NUJ to intervene in judicial review against bulk surveillance law

The National Union of Journalists (NUJ) has been granted permission to intervene in a judicial review of the Investigatory Powers Act (IPA).

Human rights group Liberty is taking judicial review proceedings against the law, also known as the Snoopers’ Charter, on the basis that it provides for unlawful “bulk surveillance”.

The law provides the security services with powers, under warrants issued by judicial commissioners, to hack computers and phones and intercept people’s communications.

Documents disclosed during the course of the judicial review have revealed that MI5 has failed to meet its legal duties under the IPA for as long as it has been law.

The NUJ maintains there is inadequate protection for journalists, their equipment, materials and sources.

The union will argue before the High Court on Monday that the bulk surveillance powers in the Act permit an interference with journalistic communication, that the safeguards to protect journalistic sources are inadequate, and that the powers in the Act threaten to undermine the vital public watchdog role of the media.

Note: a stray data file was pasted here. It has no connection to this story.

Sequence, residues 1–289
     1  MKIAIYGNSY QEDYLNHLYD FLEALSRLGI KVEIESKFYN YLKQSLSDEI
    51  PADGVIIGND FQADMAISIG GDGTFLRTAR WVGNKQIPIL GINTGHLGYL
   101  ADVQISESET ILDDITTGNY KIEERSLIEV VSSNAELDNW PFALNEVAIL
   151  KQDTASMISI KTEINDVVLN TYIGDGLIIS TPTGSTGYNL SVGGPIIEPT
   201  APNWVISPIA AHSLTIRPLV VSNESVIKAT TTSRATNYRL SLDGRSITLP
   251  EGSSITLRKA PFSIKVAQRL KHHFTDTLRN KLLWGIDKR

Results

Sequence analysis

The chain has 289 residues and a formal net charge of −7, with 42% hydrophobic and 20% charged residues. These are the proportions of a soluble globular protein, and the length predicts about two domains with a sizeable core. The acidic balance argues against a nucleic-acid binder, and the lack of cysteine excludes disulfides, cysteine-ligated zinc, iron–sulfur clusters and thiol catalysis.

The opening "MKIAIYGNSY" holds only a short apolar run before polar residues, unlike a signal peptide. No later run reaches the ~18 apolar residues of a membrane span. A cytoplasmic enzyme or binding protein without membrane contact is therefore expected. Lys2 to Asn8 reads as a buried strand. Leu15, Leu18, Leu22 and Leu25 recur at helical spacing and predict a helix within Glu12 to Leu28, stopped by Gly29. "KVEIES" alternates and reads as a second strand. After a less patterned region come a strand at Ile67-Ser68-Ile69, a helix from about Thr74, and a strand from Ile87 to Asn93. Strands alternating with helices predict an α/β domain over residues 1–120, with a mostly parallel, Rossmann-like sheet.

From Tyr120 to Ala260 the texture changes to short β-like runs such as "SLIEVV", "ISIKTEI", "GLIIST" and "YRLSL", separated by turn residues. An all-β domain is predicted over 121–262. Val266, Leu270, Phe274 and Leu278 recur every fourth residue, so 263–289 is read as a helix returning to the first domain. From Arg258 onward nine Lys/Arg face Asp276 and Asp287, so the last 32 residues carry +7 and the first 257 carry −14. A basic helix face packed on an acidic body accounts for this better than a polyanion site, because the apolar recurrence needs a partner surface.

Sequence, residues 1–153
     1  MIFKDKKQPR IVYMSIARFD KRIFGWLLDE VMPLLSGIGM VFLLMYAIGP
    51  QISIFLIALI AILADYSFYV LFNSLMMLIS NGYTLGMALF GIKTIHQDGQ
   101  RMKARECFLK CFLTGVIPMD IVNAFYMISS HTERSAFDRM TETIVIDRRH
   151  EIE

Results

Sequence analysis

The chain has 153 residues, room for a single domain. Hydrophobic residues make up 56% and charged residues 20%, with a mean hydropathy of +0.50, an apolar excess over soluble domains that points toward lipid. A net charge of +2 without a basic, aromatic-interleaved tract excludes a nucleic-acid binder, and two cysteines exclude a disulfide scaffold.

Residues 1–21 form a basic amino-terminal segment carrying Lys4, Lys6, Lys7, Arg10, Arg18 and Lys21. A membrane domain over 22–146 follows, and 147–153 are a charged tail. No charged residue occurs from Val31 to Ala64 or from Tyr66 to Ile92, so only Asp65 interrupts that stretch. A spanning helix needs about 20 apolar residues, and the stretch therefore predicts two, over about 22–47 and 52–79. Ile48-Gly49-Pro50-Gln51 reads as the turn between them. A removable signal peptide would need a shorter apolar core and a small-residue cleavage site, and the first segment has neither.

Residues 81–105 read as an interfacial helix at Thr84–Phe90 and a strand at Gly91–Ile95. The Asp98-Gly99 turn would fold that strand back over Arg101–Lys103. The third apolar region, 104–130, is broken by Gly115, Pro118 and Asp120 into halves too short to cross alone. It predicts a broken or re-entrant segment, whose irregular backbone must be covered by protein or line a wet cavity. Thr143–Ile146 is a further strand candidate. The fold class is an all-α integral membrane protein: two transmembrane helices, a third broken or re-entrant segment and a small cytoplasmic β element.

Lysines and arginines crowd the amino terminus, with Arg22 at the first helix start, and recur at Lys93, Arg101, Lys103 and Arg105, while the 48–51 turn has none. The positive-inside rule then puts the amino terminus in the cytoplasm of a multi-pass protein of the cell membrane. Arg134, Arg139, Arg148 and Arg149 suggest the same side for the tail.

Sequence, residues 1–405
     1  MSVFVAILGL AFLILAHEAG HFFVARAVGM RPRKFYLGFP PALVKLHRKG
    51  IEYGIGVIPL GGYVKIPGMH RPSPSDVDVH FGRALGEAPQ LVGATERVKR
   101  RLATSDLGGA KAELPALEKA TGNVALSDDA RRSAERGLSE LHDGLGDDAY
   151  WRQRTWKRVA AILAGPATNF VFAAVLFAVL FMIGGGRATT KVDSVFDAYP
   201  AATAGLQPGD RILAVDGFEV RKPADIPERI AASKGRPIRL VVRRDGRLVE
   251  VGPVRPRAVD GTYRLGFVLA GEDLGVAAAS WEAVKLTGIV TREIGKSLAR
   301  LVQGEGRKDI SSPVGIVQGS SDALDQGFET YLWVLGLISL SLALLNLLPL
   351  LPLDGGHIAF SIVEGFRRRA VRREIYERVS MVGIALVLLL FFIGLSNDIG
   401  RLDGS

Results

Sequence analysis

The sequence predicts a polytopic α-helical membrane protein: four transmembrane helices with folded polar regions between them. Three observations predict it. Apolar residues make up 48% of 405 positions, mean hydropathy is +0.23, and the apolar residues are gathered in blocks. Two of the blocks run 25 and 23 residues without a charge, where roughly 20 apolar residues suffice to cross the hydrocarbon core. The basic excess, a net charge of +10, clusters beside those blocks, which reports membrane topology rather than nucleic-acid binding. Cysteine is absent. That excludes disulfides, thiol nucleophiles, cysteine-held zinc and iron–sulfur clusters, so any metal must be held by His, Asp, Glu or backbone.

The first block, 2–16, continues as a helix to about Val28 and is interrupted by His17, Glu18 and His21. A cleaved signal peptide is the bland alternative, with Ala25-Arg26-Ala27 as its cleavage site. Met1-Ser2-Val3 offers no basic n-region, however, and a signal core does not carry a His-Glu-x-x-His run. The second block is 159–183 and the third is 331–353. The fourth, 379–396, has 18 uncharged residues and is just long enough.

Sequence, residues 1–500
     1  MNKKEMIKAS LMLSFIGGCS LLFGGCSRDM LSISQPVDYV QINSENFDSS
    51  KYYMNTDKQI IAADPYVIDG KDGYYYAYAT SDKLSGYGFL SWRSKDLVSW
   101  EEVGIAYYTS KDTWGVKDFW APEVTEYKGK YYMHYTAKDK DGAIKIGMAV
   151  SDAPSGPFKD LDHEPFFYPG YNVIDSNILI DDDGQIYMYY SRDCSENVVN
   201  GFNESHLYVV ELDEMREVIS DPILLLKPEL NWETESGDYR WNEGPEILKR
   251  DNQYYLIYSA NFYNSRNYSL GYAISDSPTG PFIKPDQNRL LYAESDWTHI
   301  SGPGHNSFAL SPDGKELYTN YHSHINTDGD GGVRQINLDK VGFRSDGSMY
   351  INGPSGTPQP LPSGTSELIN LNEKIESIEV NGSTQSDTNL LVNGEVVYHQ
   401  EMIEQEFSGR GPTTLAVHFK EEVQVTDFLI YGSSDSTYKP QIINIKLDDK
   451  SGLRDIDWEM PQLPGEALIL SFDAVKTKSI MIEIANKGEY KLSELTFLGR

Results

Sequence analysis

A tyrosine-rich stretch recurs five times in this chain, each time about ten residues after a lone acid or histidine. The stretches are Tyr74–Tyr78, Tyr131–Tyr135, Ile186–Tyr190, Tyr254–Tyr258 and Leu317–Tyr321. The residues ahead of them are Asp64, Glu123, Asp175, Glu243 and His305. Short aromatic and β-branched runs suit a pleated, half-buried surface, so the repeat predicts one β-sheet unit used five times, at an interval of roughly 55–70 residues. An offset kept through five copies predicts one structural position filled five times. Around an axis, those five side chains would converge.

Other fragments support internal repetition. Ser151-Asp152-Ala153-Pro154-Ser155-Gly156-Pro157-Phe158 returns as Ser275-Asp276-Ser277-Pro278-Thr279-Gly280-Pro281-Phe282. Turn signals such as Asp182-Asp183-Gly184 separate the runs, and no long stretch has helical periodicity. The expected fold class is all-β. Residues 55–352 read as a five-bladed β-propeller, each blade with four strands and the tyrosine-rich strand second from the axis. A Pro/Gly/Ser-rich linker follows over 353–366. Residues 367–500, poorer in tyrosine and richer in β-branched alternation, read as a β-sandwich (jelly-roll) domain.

It argues that other legislation, such as the Police & Criminal Evidence Act 1984 and the Terrorism Act 2000, provides safeguards and requires an opportunity to be heard prior to journalistic material being seized.

Roy Mincoff, NUJ legal & industrial officer, said: “The Act falls far short of the protections, even if limited, in other legislation. That the Government has now had to admit that MI5 has already broken the law both as to the obtaining and retention of information shows just how vigilant we must be to prevent this happening again.

“It emphasises the need for the IPA to be amended to significantly strengthen safeguards for journalists and their sources.”

Michelle Stanistreet, NUJ general secretary, added: “These breaches by MI5 and its failure to provide information to senior judges should give everybody a great cause for concern. The security services must never be beyond the law.”

Tags: surveillance

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